Crossroads residents search for that perfect scary look
Oct. 26, 2013 at 5:26 a.m.
Updated Oct. 27, 2013 at 5:27 a.m.
From the shock of electric blue hair shooting down the dark wig to the fake blood smudged onto her face and that signature walk of the undead, one thing was clear.
She certainly wasn't in Kansas anymore.
Oz's leading lady got a dark makeover for the Halloween season from Mya Poe, a 4-year-old who decided Zombie Dorothy was the way to go this holiday.
The look wasn't Mom's first pick, said Julie Poe, who said she tried to talk her daughter into something else, such as the princess costumes on display.
"She walked right past those and went for the scariest one she saw," Mom said. "I think it's because last year she got scared by some of the costumes, and this year, she wanted to do the scaring."
But tiny Mya in her sequined ruby slippers isn't the only one who will take on an alter ego this season.
Nationwide, people will shell out an estimated $2.6 billion on Halloween costumes this year, according to a National Retail Federation news release.
While witches, Batman characters and vampires take the top three slots for most popular adult costumes this time around, it's princesses, animals and Batman characters - little guys like the Dark Knight, too - that rang in heaviest among kid costumes.
Teenage Mutant Ninja Turtles are big at Spirit Halloween this year, store manager Karri Wilborn said. Disney princesses and TV-themed costumes like "The Walking Dead" are also big.
Wilborn encouraged consumers to hit the stores early.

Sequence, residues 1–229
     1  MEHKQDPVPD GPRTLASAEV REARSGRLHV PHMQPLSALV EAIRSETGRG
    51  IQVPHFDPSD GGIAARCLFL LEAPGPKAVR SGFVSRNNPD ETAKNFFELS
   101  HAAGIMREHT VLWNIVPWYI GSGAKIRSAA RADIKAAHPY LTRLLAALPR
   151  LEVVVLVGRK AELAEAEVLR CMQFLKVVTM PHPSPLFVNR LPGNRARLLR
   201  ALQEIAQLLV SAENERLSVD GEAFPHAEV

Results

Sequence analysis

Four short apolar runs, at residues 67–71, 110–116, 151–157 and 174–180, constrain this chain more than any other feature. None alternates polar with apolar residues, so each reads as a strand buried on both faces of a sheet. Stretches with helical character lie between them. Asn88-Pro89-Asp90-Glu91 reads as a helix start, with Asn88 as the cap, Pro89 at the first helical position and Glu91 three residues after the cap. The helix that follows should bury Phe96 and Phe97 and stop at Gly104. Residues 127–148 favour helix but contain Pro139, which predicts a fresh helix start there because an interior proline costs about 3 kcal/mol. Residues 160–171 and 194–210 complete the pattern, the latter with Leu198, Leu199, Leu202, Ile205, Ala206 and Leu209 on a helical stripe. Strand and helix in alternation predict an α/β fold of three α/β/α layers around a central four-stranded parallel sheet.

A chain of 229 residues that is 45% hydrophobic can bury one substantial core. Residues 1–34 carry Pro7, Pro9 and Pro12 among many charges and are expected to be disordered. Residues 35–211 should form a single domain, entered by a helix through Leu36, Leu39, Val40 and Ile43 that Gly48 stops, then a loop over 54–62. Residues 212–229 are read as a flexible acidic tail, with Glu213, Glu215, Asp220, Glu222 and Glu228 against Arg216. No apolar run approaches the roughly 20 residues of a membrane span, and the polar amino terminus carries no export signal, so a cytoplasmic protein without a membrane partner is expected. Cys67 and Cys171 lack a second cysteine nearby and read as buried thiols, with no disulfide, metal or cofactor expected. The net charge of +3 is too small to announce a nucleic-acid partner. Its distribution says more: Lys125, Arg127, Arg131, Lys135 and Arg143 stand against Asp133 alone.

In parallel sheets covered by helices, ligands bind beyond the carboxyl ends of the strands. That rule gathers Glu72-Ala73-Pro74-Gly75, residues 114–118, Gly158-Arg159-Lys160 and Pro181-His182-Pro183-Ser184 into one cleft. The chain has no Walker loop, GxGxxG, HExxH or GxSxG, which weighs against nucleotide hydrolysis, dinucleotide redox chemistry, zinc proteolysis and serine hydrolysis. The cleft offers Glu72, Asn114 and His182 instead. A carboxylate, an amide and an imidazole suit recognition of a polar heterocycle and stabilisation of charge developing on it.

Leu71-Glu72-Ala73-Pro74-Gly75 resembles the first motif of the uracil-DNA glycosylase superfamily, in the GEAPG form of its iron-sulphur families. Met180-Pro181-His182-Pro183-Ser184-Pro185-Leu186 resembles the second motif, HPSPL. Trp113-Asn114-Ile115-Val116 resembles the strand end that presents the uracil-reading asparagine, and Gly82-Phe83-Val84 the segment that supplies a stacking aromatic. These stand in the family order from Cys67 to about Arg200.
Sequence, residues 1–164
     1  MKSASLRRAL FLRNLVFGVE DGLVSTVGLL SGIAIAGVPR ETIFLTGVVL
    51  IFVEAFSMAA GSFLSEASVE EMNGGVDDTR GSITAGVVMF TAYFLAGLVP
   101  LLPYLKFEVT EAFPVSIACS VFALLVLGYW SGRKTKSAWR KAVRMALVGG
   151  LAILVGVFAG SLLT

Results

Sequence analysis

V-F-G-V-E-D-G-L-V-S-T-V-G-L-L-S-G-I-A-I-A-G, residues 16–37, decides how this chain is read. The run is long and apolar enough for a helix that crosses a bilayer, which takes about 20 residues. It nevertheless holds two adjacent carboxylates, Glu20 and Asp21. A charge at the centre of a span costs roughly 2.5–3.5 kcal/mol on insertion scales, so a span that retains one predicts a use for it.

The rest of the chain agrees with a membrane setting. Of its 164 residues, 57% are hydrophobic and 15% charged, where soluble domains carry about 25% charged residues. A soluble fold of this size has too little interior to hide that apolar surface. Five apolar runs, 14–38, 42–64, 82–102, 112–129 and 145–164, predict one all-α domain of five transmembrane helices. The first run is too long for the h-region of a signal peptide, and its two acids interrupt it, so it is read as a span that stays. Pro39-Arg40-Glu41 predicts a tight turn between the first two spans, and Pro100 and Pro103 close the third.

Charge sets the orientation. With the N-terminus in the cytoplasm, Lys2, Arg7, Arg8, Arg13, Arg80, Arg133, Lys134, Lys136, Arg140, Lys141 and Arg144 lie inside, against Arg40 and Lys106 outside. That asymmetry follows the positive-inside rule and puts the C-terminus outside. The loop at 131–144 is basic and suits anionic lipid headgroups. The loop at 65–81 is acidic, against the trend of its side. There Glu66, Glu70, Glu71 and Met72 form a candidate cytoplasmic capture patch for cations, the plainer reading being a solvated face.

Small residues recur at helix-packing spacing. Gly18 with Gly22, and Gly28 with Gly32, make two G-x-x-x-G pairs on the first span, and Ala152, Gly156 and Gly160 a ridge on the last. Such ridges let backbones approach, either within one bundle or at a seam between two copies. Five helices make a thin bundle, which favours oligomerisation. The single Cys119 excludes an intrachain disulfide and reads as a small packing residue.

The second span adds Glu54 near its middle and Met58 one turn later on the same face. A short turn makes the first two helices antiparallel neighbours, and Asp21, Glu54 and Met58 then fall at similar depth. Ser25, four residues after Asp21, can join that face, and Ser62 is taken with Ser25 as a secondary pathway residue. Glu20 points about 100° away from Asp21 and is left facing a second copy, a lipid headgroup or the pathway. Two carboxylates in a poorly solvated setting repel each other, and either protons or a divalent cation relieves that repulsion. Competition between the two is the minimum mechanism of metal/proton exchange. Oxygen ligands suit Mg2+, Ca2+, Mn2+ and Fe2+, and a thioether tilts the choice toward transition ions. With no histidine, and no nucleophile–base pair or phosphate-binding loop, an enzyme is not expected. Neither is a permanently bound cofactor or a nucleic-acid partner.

"Stuff goes fast," she said. "We try to keep stock as best as we can, but once you get to about the second week of October, stuff is going fast."
Elsa Perez, who manages Wally's Party Factory, echoed Wilborn. At her shop, too, Ninja Turtles are a big deal.
"Really, anything ninja is popular," she said.
As for Carole Luster, who owns Buzzard Gulch Old Time Photo, it's the old-school classics like Frankenstein, mummies and Jason that sell best.
"We try to make them look really, really real," Luster said of her costumes, which she makes from vintage clothing. "We get them and throw paint that looks like blood on them. We have a good time."
The business owner runs a number of different endeavors - she's in real estate, for instance - but said Halloween is a special time of year.
"It gives us a little momentary flash where adults can go out and be kids," she said. "It's a chance to let loose and have a little fun."
People's costumes aren't the only thing that help distinguish them from others this season. The way they go about finding that perfect look also varies from person to person.
Victoria resident Irma Moreno said her 3-year-old, Isabella Moreno, knew off the bat that she wanted to go as something from the Disney movie "Brave." It was between the movie's witch or its redheaded heroine, but she opted to go as the good guy.
As for Takaylee Durham, a 10-year-old going as a nurse this year, it was all about the costume itself.
"It comes with a hat, and I liked the way it looked," she said with a smile.
For others, it's all about what sounds like the most fun.
Victoria West High School students John Lee and Luciano Lopez in late September hadn't yet finalized their costume picks, but Lopez had an idea.
"I'm thinking one of us can be a gorilla, and the rest of us can be bananas," the high school senior said, explaining he planned to spend the evening with a number of friends. "The gorilla can just chase everybody around all night."
Back in Inez, Mya said she looks forward to the chance to scare everybody else but acknowledged that it was all just a costume.
"My hair's all yellow under here. If it was really blue, the boys at school would freak out." she said gesturing toward the itchy wig. "And this isn't real blood."
Still, spooky spirits beware. You won't creep this one out.
"I won't be scared of any scary costumes," she said.